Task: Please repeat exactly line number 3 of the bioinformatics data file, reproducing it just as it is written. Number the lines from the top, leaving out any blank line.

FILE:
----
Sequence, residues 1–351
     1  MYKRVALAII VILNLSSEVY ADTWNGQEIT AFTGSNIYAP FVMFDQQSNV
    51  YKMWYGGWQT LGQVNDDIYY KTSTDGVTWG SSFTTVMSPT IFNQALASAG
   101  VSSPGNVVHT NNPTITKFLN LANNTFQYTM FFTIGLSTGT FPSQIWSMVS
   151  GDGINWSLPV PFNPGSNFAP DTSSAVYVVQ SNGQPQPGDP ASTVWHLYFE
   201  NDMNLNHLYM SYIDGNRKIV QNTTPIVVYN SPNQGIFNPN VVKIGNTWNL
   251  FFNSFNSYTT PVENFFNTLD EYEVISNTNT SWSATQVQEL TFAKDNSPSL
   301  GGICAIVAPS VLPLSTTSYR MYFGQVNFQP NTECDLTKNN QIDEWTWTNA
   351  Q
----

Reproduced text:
    51  YKMWYGGWQT LGQVNDDIYY KTSTDGVTWG SSFTTVMSPT IFNQALASAG